Yet one of the most vocal conservative groups in the state — Empower Texans — oppose the measure because they feel it would “incentivize new local-government debt without providing sufficient protections.” Fiscal conservatives have raised concerns about local governments piling up large amounts of bond debt and this could add to that.
Longview Rep. David Simpson, a top tea party leader in the Legislature, is urging voters to oppose Proposition 6 because he believes the money will be used to distort the bond market.
“Intervention in the market by the state will no doubt favor some at the expense of others, such as East Texans,” he said in a statement. “Because East Texas is blessed with more water resources than other parts of the state, it is likely those resources will be sought after by others and this proposal jeopardizes the ability for East Texas to protect its resources.”
Conservative opposition to tapping the rainy day fund led lawmakers to give voters the choice of whether to withdraw the cash. The Republican-controlled Legislature ignored Democrats and less conservative Republicans who thought the Legislature should have used its authority to spend the money rather than rely on a referendum.
The main concern is the low turnout for constitutional amendment elections. Without candidates campaigning, most people don’t even know there is a vote on Nov. 5. Houston is the one exception, because of the mayoral race and a referendum to turn the Astrodome into a convention center.
In 2011, only 695,052 people cast ballots out of 12.8 million registered voters. That means a small number of activists on one side of an issue can make the difference.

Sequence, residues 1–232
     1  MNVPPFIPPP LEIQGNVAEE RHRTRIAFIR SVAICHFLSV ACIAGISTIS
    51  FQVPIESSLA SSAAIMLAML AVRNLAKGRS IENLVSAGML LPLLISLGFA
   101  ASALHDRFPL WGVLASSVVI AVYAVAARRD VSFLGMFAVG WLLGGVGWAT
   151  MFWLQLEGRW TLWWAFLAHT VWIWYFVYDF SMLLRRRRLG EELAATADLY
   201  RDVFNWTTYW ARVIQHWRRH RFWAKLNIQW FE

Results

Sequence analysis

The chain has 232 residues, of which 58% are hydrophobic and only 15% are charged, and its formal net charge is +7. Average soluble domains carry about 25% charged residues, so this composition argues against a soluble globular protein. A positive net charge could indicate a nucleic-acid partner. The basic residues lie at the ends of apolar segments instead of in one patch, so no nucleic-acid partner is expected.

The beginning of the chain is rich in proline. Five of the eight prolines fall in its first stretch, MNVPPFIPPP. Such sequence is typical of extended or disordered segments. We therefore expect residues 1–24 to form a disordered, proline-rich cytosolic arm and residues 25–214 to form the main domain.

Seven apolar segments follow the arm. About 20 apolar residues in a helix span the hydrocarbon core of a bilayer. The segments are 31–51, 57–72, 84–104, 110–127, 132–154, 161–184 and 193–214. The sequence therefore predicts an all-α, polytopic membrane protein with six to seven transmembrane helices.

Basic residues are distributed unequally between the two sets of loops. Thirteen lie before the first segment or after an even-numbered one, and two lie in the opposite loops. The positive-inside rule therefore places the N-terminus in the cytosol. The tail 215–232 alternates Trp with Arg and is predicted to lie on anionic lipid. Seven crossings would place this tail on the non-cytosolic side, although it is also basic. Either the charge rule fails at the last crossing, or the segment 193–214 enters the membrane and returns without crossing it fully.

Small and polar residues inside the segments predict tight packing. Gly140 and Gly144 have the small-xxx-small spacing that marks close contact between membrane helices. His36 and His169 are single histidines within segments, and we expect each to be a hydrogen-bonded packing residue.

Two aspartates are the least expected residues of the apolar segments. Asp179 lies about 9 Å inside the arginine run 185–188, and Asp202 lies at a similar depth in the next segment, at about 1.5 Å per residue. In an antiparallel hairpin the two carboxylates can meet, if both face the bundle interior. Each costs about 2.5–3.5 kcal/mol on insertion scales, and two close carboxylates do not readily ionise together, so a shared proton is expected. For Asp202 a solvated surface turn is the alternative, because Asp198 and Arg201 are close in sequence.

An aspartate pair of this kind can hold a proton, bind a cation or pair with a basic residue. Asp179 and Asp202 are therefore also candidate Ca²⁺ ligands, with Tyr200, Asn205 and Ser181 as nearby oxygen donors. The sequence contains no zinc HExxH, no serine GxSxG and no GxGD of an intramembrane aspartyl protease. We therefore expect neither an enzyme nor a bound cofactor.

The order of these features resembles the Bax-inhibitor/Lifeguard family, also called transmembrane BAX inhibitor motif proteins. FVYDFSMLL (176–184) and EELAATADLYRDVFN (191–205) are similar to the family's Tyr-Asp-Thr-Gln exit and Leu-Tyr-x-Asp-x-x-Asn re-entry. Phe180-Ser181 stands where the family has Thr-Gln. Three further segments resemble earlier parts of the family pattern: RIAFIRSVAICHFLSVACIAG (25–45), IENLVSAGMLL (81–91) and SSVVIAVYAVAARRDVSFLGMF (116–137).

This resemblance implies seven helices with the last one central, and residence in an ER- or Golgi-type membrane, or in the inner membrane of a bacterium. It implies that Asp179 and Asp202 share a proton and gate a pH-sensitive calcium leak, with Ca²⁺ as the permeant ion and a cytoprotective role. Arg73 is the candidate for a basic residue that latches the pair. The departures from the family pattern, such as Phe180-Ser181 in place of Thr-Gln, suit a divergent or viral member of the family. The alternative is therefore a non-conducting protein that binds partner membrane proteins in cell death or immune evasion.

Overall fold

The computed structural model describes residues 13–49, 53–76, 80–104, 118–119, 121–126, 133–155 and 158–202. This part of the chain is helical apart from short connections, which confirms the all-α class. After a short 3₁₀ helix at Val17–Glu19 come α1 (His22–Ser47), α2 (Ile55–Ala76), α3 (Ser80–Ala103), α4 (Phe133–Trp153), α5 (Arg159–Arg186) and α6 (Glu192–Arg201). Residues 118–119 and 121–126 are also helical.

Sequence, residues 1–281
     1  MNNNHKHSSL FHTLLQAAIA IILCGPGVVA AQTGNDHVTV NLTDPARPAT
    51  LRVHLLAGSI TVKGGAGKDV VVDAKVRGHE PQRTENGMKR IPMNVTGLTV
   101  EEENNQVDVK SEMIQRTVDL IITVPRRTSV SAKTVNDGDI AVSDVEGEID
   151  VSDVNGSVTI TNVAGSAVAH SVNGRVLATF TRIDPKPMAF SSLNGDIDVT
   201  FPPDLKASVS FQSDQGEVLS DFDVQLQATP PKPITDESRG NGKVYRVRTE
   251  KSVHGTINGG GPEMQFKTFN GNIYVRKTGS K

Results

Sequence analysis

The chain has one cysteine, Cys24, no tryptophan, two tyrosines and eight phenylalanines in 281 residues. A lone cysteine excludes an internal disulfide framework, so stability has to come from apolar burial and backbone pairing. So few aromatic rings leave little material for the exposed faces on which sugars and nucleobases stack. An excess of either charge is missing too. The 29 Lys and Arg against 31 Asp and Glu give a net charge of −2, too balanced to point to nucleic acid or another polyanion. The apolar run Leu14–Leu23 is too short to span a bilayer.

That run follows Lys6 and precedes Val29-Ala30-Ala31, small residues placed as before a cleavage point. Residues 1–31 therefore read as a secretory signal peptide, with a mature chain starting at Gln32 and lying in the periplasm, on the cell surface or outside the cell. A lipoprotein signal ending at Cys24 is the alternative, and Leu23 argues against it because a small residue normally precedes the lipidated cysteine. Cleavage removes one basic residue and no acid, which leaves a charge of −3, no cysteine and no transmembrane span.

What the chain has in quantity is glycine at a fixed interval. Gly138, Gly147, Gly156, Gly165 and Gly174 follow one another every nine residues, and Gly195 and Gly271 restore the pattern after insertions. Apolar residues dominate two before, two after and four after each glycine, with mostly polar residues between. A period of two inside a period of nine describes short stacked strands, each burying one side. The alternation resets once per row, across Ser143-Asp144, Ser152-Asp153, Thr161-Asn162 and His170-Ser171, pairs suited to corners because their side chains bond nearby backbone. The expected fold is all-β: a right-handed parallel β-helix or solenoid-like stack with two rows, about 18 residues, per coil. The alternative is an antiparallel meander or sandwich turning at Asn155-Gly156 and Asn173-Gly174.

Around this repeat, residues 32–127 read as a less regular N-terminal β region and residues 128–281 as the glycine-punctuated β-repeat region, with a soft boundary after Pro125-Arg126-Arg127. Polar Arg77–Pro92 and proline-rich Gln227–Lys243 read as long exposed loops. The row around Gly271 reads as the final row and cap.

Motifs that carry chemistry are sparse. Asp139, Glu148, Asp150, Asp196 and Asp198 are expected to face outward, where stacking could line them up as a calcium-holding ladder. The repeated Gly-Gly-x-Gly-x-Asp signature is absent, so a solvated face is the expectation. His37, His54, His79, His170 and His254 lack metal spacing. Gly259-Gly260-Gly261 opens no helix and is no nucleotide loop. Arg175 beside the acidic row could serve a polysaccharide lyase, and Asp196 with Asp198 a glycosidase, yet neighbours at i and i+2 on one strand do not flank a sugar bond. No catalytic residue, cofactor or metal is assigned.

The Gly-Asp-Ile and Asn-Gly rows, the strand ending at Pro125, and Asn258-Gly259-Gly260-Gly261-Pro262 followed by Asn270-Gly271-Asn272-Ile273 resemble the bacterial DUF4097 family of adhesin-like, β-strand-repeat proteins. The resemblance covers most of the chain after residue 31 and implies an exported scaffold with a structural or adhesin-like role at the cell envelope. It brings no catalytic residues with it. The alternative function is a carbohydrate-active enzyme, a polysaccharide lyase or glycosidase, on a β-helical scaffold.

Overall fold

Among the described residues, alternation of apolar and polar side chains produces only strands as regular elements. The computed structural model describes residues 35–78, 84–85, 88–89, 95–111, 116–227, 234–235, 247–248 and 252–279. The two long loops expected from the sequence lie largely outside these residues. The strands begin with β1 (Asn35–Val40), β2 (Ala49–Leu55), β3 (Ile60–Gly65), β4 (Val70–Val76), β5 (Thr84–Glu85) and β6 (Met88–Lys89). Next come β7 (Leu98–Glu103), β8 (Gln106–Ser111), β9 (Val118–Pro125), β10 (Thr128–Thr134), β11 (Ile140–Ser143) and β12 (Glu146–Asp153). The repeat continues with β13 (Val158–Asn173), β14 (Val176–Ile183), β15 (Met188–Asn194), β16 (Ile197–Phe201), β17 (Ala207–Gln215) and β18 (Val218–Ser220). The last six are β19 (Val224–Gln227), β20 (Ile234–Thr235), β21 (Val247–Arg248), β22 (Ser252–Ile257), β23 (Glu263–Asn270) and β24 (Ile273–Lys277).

Out of 10 propositions on the 2011 ballot, three failed to pass and all had fiscal implications. Statewide voters denied El Paso County permission to issue bonds for parks and recreation facilities, rejected allowing counties to issue bonds for redevelopment of blighted areas and refused to allow land set aside for water conservation to be taxed at a rate lower than the market value.
That last item dealt a serious blow to water conservation efforts and is one reason both supporters and opponents of Proposition 6 want to turnout voters. Only about 100,000 people, though, had cast early ballots at the end of last week.
If Proposition 6 fails to pass, it will put lawmakers in a difficult position during the 2015 legislative session, forced to decide whether to spend the money themselves or wait for a water crisis to develop that will give them the political cover to spend state revenues.
– AP reports on “name discrepancy hiccups” in early voting as a result of the new Texas Voter ID law.
2013 / 2014 / 2016:
– Fusion, a new Spanish-language cable channel that is a joint venture of ABC News and Univision, will launch on Monday with an exclusive interview with U.S. Sen. Ted Cruz (R-TX).
Other stories of interest:
– If Texas were a country, it would be the world’s 13th largest oil producer.
– The Ohio State marching band does it again.
– I thought this was hilarious.
– NFL Commissioner Roger Goodell wants teams in London and Los Angeles. (I hope they never play — that’s an 11 hour flight).
– Giants fan dominates Philly fans — an instant classic.
– One explanation of why UT coach Mack Brown played QB Tyrone Swoopes yesterday, ending his redshirt.
Today’s Source of Inspiration:
– This will inspire you.
BLOGS (from the left)
BLOGS (from the right)